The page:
By Jess Dankenbring, '17

This past summer, Ama Ansah, ’16, spent her days sorting through antique dresses. As she examined a mink collar, magnificent train, or buttons down to the ankle, she thought how each gown told a different story. She loved imagining these women serving tea or entertaining, and the dresses gave her a glimpse into how these women lived.

Each of these stories played a part in Ansah’s research on the relationship between feminist movements and 19th century English actresses, with a focus on stage costume and persona.

“There was a bit of a domestic revolution in the late 19th century,” Ansah says. “As these women are having more free time and more leisure time, they are able to go out, do their shopping, go to the theater. And in this free time they realized how not free they truly are.”

She started to focus on how various actresses and actress organizations played a role in early feminist consciousness and how the systems of fashion on stage reflected society.

London offered various archives for Ansah’s research, including the Victoria and Albert Museum’s extensive costume collection and historic garments at the Clothworkers’ Centre. “I would spend a full day just sitting with all these different remnants of this time period that I find so fascinating and be able to peer into people’s lives that way,” she says.

At the Museum of London, Ansah had the opportunity to look at programs from the original production of Hedda Gabler that were annotated by people who had attended the play.

“It’s interesting to see how people interact with objects that we consider so mundane,” she says. “A lot of the time we go to a program and we get the little brochure and then we just toss it, or if we’re feeling really nostalgic we may stick it in a drawer. But you never think of that as something that somebody 100-plus years later is going to be looking at and mining for information.”

Ansah was also able to meet with Donatell Barbieri, who is a costume-based scenographer and scholar, as well as a research fellow at the Victoria and Albert Museum.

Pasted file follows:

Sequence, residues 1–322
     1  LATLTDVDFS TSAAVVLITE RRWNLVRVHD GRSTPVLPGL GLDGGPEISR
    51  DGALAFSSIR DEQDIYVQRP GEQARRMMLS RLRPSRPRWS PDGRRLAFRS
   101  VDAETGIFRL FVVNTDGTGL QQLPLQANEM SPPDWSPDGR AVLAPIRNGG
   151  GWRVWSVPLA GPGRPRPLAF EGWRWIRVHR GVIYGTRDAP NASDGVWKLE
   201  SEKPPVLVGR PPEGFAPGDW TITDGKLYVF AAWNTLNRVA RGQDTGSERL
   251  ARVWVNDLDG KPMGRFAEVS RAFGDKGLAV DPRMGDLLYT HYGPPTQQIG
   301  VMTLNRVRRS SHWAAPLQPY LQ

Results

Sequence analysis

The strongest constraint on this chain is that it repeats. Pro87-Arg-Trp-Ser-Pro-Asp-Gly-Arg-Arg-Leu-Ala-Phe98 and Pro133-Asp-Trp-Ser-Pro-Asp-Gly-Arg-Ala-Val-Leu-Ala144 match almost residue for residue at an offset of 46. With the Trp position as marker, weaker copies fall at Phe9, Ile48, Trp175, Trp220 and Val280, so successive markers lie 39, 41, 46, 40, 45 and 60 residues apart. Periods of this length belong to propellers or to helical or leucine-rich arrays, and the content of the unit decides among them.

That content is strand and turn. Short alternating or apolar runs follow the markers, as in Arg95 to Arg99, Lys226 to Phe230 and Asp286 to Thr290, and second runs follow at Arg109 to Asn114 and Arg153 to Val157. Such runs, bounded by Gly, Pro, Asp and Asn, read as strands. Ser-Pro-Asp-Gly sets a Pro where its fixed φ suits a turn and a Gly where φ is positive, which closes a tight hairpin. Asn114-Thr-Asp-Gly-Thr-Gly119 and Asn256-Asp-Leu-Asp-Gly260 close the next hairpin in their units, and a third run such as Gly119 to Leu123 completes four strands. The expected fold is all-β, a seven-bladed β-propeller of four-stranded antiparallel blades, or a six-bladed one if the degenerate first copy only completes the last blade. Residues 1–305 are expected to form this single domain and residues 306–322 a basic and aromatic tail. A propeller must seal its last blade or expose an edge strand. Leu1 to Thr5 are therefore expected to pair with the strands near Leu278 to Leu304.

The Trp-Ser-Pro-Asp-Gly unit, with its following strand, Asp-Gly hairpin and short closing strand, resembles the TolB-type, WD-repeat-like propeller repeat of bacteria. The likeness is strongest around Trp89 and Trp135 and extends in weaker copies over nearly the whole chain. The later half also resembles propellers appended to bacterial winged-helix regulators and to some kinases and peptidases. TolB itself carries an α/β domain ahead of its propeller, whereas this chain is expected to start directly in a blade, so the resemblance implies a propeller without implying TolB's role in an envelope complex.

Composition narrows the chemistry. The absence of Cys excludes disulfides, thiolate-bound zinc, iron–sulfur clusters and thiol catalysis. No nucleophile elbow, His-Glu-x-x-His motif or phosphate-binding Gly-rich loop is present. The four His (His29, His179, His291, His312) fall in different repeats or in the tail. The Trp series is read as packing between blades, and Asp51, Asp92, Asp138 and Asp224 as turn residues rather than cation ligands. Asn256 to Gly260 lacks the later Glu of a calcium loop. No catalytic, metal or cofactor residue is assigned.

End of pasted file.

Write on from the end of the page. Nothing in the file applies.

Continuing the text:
“We got to meet up and discuss costumes as an area of historic research,” Ansah says. “She was so enthusiastic about what she did, and it was just really inspiring.”

Barbieri also encouraged Ansah in her research. “It’s really nice to see that there’s someone else who’s interested in what you’re doing and is encouraging you to continue to do that,” Ansah says.

In addition to exploring historical garments and other 19th century theater objects, Ansah also studied playwright Henrik Ibsen, who wrote many plays expressing the discontent of women in domestic situations, and Elizabeth Robins, an actress, author, playwright and suffragist. Both had a connection to early feminist values that were being expressed at the time. Robins in particular led a fascinating, but not well-known life, and Ansah used her as a central piece of her research.

“We always want to put these historical figures on a pedestal, but really she was just having some of the same insecurities and the same struggles that we all have,” she says. “It’s a very human experience. That’s what I really liked about this research is being able to find these amazing historical figures who have not exactly been lost to history, but are not as well known as some of the others. I was able to see them not just for all the amazing things they did, but as themselves as well.”

The trip to London and exploring archives offered a fresh look at theater for Ansah. Her research was able to encompass her theatre and history double major, as well as her women, gender, and sexuality studies minor.

“I enjoyed getting to look at theater from a different perspective because normally I’m backstage, I’m helping with costumes, running around doing all this stuff,” she says. “But it’s also nice to be able to step back and go ‘this is the bigger context of what we’re doing.’”